that youíve just completed getting your teenage African-American
son through four of the most important years of his life, grades
9 through 12 in a public inner-city high school in the Los Angeles Unified School
District, and youíre still not a grandparent and your son didnít
join a gang. But not only did you manage to get your son through
high school, relatively unscathed, but you also pulled of what some
consider the impossible the task of getting him an all expenses
paid trip to an out of state ivy league university. From
the PSAT, to the SAT, the California High School Exit Examination,
homework, class trips, parent meetings and all, you were front and
center and never took your eyes of the prize, a high school graduate
headed off to college out of state and a spare bedroom to do as
you please with. And no parent had a bigger smile than you did on
that glorious day when your son walked across that stage and was
handed his high school diploma, with honors.
forward two weeks and after a long day at the office where in your
spare time you finally managed to figure out how to rob Peter to
pay Paul to make sure your son has everything that a freshman college
student would need, you come home and open up your mailbox. Expecting
the usual urgent colored coded assortment of bills, you see a letter
addressed to you from your sonís former high school.
donít really think anything of it. Itís probably a letter of thanks
and congratulations for all of your hard work as an involved parent.
I mean your son was one of the top three students of his graduating
class and had the highest GPA among his African-American peers,
both female and male. Just thinking about it makes you smile all
over again inside and out, that is until you open the letter and
read the following:
go in the house and look on the mantle at the high school diploma
that you saw your son receive with your own two eyes. You look at
the sticker on the diploma that reads with ďWith High HonorsĒ and
the signature of the same principal whose letterhead is on the letter
in your hands.
go to your desk and pull out your sonís final report card that reads
straights Aís and with a grade pint average of 4.0. You re-read
the notes from his teachers.
look at the 8◊10 photos recently hung up of your son in his cap
and gown. Photos that you paid for out of your pocket at the local
Sears and couldnít wait to send out to family members and friends.
look down at the letter you just read. So what do you do?
thank God that your son made it out of the Los Angeles Unified School
District. Pray that his younger brother can do the same. Feel pity
for the students still enrolled and swear that you arenít having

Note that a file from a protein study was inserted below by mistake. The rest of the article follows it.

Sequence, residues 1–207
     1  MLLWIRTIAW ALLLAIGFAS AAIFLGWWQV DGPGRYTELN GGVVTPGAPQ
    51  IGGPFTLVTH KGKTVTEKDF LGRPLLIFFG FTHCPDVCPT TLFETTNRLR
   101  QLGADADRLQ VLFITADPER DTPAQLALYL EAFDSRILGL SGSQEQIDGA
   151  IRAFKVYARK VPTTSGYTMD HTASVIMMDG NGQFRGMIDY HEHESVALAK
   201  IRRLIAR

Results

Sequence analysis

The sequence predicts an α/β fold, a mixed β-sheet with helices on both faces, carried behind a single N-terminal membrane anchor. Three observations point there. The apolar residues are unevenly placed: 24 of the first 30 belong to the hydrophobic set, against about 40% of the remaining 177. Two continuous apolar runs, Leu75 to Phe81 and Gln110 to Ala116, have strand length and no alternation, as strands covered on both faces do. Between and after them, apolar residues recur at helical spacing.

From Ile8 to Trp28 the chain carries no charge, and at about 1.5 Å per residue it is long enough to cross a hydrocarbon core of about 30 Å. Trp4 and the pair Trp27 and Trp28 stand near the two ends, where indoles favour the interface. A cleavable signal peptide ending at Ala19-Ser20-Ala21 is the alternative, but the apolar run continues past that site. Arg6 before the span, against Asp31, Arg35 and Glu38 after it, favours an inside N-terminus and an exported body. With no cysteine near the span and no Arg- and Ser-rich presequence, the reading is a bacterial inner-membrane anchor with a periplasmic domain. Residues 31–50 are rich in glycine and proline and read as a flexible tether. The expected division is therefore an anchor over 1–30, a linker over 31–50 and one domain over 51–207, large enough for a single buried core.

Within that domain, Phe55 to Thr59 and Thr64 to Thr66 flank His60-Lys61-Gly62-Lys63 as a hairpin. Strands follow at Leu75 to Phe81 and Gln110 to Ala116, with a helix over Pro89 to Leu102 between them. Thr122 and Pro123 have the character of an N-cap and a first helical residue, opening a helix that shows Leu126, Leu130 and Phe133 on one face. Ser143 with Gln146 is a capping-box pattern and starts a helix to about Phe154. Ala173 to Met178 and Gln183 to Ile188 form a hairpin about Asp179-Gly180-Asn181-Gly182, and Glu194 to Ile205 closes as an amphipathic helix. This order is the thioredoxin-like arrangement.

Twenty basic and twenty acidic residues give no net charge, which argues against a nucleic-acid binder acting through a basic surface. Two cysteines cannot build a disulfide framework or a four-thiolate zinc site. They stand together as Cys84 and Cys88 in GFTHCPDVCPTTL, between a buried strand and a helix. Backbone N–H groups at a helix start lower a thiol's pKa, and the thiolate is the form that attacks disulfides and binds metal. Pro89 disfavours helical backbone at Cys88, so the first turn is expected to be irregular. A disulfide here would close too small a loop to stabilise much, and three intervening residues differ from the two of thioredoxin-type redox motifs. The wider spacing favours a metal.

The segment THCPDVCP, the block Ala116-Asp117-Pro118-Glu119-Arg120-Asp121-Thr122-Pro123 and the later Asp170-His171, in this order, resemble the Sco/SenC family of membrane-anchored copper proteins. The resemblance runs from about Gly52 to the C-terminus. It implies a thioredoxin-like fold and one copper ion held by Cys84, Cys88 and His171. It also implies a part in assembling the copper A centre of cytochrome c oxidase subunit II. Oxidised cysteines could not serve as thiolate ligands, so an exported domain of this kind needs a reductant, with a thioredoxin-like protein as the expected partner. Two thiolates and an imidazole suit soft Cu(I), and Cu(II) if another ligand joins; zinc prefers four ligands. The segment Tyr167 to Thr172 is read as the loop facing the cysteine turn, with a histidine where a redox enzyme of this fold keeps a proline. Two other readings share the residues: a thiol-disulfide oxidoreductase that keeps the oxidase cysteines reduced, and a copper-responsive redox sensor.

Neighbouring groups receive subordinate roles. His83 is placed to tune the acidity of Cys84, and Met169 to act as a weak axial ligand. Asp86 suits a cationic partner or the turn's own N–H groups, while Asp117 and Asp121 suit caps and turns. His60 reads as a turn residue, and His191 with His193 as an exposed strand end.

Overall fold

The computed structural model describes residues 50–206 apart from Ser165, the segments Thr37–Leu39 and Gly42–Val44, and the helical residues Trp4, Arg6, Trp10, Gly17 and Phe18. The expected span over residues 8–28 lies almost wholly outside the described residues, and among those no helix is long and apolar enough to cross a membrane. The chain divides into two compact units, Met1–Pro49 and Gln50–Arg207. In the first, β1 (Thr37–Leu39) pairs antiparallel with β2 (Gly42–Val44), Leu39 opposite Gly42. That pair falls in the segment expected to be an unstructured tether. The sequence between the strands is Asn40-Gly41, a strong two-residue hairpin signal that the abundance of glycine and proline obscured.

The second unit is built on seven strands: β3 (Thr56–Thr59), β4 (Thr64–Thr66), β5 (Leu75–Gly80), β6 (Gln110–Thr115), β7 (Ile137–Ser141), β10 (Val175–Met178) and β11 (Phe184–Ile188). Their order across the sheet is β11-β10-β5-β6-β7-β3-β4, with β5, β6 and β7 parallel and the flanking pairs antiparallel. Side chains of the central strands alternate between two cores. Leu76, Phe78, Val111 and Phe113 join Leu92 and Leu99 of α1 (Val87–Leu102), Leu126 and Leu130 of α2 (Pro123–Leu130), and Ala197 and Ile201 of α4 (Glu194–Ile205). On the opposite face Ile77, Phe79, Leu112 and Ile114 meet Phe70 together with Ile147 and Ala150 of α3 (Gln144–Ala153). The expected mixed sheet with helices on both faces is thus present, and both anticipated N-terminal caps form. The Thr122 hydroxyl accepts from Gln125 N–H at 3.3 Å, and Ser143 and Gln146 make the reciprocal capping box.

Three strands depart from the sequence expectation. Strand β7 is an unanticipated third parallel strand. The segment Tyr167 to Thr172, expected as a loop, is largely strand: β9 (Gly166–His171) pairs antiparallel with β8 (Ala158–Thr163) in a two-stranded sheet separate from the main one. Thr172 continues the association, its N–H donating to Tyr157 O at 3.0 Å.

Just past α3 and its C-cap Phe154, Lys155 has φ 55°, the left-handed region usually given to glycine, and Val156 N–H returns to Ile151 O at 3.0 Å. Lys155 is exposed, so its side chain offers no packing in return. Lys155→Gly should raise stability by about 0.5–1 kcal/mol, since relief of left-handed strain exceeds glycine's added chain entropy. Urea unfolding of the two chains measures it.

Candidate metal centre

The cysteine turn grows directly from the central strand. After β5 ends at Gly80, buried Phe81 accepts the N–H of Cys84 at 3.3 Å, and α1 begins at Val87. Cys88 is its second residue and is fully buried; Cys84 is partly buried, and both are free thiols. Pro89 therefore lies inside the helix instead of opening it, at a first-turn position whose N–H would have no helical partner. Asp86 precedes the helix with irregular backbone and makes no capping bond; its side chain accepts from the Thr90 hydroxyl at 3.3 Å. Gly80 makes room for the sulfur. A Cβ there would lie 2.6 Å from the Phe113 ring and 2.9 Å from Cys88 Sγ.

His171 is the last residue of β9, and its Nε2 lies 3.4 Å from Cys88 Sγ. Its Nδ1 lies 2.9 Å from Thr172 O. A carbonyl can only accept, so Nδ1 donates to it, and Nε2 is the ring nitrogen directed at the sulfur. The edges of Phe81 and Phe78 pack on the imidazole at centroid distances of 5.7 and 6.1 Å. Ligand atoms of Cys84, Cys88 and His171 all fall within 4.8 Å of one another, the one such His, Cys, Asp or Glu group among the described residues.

anymore children because you canít afford to put them in a private
school and you have no interest in doing battle for another 12 years
with an inept school administration that canít even figure out whoís
graduated and who hasnít. And after all of that, you call your good
girlfriend, the one who writes for the newspaper and you tell her
what happened. Why? Because now that your son graduated, you wonít
be at the next budget meeting for your sonís former high school
to point out to the administration how wasted money on useless mailings
such as the one you received and undoubtedly other parents of graduates
received directly relates to why the school doesnít have money for
this and that. Add to that, you want the principal and administration
to feel the same sinking feeling in the pit of their stomachís that
you just experienced by reading that letter and what better way
than in the local community newspaper. Itís just your little going
away present for an administration that fought you every step of
the way, was seemingly hell-bent on making sure your son wasnít
prepared for graduation, and after he did
graduate, still couldnít seem to get it right.
itís all said and done, you take the letter and put in your desk
drawer alongside the numerous invitations mailed to your son every
couple of months for over three years now to join his former high
schoolís 9th Grade Academy.
onto more important issues - what to do with that spare room come
August 1 when your son is 3000 miles away at college?
Columnist, Jasmyne Cannick, is a critic and commentator based in
Los Angeles who writes about the worlds of pop
culture, race, class, and politics as it relates to the African-American
community. Her work has been featured in the Los
Angeles Times, Los Angeles
Daily News, and Ebony Magazine. A regular contributor to NPR, she
was chosen as one Essence Magazineís 25 Women Shaping the World.
to contact Ms. Cannick.